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Old 09-04-2009, 10:10 AM   #1
ufmale
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machine 32 or 64 bts?


Can i tell if my computer is 32 bits or 64 bits?
It looks like the below result says that it is 32 b, but i installed Ubuntu x86_64 version. It seems to work fine. will there be any problem for doing so?

Code:
$ uname -a
processor	: 0
vendor_id	: GenuineIntel
cpu family	: 15
model		: 4
model name	: Intel(R) Pentium(R) D CPU 2.80GHz
stepping	: 4
cpu MHz		: 2793.036
cache size	: 1024 KB
physical id	: 0
siblings	: 1
core id		: 0
cpu cores	: 1
apicid		: 0
initial apicid	: 0
fpu		: yes
fpu_exception	: yes
cpuid level	: 5
wp		: yes
flags		: fpu vme de pse tsc msr pae mce cx8 apic sep mtrr pge mca cmov pat pse36 clflush dts acpi mmx fxsr sse sse2 ss ht tm pbe syscall nx lm constant_tsc up pebs bts pni dtes64 monitor ds_cpl cid cx16 xtpr
bogomips	: 5586.07
clflush size	: 64
cache_alignment	: 128
address sizes	: 36 bits physical, 48 bits virtual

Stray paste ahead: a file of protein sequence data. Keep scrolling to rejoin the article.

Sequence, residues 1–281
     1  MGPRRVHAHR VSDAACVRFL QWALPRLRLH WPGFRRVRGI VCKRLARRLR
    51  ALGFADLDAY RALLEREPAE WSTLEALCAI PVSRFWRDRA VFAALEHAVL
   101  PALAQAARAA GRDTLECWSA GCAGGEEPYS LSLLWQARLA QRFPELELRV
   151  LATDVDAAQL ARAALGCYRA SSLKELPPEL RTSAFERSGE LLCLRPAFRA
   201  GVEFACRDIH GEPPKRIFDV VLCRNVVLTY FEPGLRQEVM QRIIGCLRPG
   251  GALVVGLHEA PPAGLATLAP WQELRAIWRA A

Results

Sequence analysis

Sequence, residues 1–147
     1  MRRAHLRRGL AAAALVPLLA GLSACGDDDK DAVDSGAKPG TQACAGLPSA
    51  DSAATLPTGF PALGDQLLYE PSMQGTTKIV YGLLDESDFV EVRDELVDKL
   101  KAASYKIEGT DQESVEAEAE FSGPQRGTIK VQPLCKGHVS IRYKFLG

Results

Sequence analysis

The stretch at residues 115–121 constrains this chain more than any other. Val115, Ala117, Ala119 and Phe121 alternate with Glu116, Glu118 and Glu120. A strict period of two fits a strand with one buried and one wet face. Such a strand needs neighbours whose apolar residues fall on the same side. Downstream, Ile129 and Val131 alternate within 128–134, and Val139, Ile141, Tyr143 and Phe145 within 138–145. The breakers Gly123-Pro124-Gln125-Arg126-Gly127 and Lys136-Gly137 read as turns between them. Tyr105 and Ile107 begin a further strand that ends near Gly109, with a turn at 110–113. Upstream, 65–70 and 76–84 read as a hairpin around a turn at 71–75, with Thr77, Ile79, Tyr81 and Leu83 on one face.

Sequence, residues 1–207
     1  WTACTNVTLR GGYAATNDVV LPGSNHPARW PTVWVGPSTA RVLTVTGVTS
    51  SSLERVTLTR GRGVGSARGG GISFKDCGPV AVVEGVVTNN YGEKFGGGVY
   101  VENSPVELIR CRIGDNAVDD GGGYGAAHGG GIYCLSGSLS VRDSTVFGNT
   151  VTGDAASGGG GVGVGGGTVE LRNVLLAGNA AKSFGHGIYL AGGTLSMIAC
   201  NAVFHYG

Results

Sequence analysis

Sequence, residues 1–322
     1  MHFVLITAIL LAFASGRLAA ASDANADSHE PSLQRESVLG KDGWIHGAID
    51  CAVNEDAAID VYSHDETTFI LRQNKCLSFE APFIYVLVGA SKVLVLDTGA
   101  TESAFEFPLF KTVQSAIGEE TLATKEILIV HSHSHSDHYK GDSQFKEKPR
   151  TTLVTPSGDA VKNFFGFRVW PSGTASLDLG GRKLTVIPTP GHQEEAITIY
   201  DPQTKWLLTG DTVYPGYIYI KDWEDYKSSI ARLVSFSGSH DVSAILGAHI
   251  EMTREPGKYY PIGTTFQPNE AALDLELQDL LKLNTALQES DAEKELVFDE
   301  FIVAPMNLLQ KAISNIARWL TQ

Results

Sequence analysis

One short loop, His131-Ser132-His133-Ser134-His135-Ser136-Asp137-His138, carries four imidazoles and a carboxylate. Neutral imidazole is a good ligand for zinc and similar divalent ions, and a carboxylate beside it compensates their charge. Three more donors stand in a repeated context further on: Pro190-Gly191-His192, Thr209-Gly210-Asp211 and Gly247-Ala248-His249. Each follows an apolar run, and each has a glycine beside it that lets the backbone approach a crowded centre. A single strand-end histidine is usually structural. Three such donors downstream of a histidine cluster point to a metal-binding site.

power management:
 
Old 09-04-2009, 10:22 AM   #2
GrapefruiTgirl
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Since the 64 bit OS is running, it's a good sign that your machine is 64bit capable.

I don't see a 64bit flag on your CPU info though where I would expect to see something like x86_64 or em64t or similar...

Do you by chance have the "dmidecode" tool? Try the following commands:

shell# /usr/sbin/dmidecode

or

shell# /sbin/dmidecode

and look for something like "64-bit capable" in the output.

It may also be helpful to tell us what exact model of CPU you have, and the motherboard you're running.

Sasha

PS - the above output is not what one would expect from the "uname -a" command.. uname -r should tell you what kernel you're running though.

Last edited by GrapefruiTgirl; 09-04-2009 at 10:26 AM.
 
Old 09-04-2009, 10:25 AM   #3
djeikyb
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uname -i should tell you the hardware platform. But, first and foremost, you cannot run 64-bit stuff on a 32-bit system. Thus, you have a 64-bit system.

By the by, that doesn't look like any uname -a output I've ever seen. Looks more like cat /proc/cpuinfo
 
Old 09-04-2009, 11:05 AM   #4
johnsfine
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Quote:
Originally Posted by ufmale View Post
Can i tell if my computer is 32 bits or 64 bits?
Yes. The output you quoted shows your CPU is 64 bit.

Quote: